Glendale bookstore owners remember friend Ray Bradbury

There’s a pall over an independent bookstore in Glendale as the couple who owns it mourns the loss of close friend and famed author Ray Bradbury.

Augusten Burroughs’ new book gives advice on how to survive your past

After six memoirs, Burroughs’ next offering, “This Is How,” veers in the direction of a self-help text (without losing Burroughs’ voice, of course).

Ray Bradbury on "Fahrenheit 451"

KPCC's Kitty Felde interviews Ray Bradbury on the occasion of "Fahrenheit 451" being selected for LA's One Book One City event in 2002.

Remember Ray Bradbury; remember summer.

To remember Ray Bradbury is to remember summer. KPCC's John Rabe and Molly Peterson talk about one of their favorite books, Dandelion Wine, which catches magic in a bottle.

Buzz Bissinger reflects on raising his sons in new memoir, 'Father’s Day'

H.G. "Buzz" Bissinger is a Pulitzer Prize-winning author of four books — including the New York Times best-seller "Friday Night Lights," which has gone on to become a film and critically acclaimed television show — but his most difficult accomplishment might be raising his twin sons.

A people’s guide to Los Angeles sheds light on less-frequented but important sites in LA

Tourists who come to Los Angeles tend to visit the same places: Venice Beach, Disneyland, Rodeo Drive, Hollywood. The slightly more adventurous might strike out for the Garment District, Topanga Canyon, or the Walt Disney Concert Hall, but what about neighborhoods to the south and east of those attractions? Places like the Los Angeles River? Or ‘the Ink Well’ (a two hundred-square foot beach) and Oakwood (a residential neighborhood) – two of the only Westside locations open to African-Americans during the first few decades of the twentieth century?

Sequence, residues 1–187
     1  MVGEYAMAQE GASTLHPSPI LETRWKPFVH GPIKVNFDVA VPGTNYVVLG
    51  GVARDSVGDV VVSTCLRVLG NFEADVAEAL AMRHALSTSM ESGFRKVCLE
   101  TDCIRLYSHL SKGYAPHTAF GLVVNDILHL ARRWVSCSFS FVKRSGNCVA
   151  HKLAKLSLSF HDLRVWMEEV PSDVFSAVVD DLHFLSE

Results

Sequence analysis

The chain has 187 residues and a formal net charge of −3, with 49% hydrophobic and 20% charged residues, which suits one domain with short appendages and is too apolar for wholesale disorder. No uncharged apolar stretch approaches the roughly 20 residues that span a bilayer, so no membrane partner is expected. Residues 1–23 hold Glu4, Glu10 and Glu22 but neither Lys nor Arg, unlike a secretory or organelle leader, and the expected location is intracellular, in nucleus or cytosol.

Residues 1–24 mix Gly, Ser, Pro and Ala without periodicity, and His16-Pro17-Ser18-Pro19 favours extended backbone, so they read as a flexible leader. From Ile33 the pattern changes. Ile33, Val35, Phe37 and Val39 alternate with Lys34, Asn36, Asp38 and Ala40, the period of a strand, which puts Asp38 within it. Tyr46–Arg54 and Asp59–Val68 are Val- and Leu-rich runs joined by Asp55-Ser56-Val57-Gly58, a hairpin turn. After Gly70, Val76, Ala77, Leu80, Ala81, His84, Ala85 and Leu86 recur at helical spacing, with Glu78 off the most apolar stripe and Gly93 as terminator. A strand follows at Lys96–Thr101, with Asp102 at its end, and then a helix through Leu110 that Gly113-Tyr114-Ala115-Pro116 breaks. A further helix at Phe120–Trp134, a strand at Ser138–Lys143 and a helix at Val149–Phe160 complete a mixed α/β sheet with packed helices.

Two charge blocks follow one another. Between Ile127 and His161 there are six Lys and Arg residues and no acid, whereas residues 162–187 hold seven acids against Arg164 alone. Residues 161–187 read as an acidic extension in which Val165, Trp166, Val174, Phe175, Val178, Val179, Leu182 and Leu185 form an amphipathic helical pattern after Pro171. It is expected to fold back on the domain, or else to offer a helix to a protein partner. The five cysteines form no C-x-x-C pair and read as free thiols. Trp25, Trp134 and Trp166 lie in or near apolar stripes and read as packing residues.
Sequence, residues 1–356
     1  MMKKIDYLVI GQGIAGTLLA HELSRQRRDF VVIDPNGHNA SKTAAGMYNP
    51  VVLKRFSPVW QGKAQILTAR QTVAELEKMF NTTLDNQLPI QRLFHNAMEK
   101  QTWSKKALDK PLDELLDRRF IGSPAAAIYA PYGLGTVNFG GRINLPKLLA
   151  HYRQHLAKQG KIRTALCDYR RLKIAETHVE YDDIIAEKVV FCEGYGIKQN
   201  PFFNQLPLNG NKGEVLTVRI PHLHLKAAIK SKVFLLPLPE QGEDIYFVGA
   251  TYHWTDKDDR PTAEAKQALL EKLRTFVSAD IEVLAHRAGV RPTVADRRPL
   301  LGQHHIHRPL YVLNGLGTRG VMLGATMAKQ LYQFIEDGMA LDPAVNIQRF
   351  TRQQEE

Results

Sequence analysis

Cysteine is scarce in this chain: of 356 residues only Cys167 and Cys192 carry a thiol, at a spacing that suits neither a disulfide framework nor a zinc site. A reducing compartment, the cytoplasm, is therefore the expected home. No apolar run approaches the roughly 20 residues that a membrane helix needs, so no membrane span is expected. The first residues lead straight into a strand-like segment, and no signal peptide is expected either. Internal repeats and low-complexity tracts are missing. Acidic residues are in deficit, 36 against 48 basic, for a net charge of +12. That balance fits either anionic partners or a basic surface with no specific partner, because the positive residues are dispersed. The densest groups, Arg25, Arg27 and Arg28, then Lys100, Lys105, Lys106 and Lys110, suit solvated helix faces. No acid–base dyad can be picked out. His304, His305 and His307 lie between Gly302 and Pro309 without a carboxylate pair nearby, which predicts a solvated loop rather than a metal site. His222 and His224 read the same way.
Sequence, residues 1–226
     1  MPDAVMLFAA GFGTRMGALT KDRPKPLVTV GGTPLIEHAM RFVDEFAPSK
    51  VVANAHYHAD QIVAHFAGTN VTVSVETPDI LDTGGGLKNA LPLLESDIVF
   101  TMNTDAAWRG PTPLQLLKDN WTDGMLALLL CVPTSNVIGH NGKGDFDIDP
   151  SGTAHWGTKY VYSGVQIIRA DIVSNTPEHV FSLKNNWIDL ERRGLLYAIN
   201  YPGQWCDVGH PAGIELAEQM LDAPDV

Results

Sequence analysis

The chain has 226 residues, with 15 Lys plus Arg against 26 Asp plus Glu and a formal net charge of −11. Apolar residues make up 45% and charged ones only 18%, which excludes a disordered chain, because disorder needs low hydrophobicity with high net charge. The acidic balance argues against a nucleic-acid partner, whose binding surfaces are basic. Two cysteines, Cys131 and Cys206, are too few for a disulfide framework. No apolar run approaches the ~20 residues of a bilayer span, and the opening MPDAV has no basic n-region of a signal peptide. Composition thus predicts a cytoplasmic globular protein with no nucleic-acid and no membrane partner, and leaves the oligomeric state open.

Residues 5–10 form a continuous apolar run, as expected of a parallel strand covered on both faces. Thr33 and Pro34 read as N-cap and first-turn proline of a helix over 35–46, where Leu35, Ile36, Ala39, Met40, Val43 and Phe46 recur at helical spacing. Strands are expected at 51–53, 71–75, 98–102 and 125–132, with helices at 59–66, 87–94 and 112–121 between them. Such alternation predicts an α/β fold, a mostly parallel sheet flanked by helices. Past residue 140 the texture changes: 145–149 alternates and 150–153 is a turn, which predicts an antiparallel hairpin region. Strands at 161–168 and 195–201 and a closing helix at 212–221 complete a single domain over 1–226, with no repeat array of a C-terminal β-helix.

‘Lizz Free or die’: we choose Lizz

Lizz Winstead’s introduction to the power of comedy cemented itself in 1984, when her dress got caught in a screen and was pulled up over her head as she hosted an air guitar final in Minneapolis.

'Fifty Shades of Grey' induces cringes and giggles, but still has the ladies talking

The ongoing buzz over the blockbuster erotic novel “Fifty Shades of Grey” has taken the publishing world by surprise and shows no signs of slowing down.

Travel writer Paul Theroux on the clash of ideals and reality in sub-Saharan Africa

If you’ve ever dreamt of dropping everything and moving to an exotic location to start a new life or to find a new purpose, you’ll probably be interested in the story put forth in award-winning author Paul Theroux’s new book “The Lower River.

Seth Greenland's 'The Angry Buddhist' blends murder and politics

This year's election season is already proving to be full of drama and fireworks, but it doesn't measure up to the political drama in Seth Greenland's forthcoming novel, "The Angry Buddhist." Madeleine talks with Greenland about the book.

How bad is hyper-partisanship in the US government?

“It’s Even Worse Than It Looks,” according to Thomas Mann and Norman Ornstein, whose new book explains how our existing political system is operating in a state of adversarial culture war that threatens the very fabric of American society.

Will America’s military dogs get a promotion?

Dogs have been stalwart human companions for thousands of years - they share our joys, sorrows, homes and lives, and increasingly, they’ve been following us into battle as well.

The unlikely story of Klimt's 'Lady in Gold'

Anne-Marie O'Connor discusses the long journey of Klimt's masterpiece "Portrait of Adele Bloch-Bauer," the topic of her new book, "The Lady in Gold."

Animal Planet star on cats, addiction, meaning of life

In his new book, LA cat expert Jackson Galaxy, host of Animal Planet's 'My Cat from Hell,' credits his success to an impossible to live with cat.

The improbable life and success of pitcher Jim Abbott

Born without a right hand, Jim Abbott not only defied the odds of becoming a Major League pitcher but challenged the impossible by throwing a no-hitter.

Has 'institutional Christianity' helped or hurt the U.S.?

Is it religion’s dearth or presence that contributes to the country’s political gridlock? Or could it be possible that the answer is neither of the above?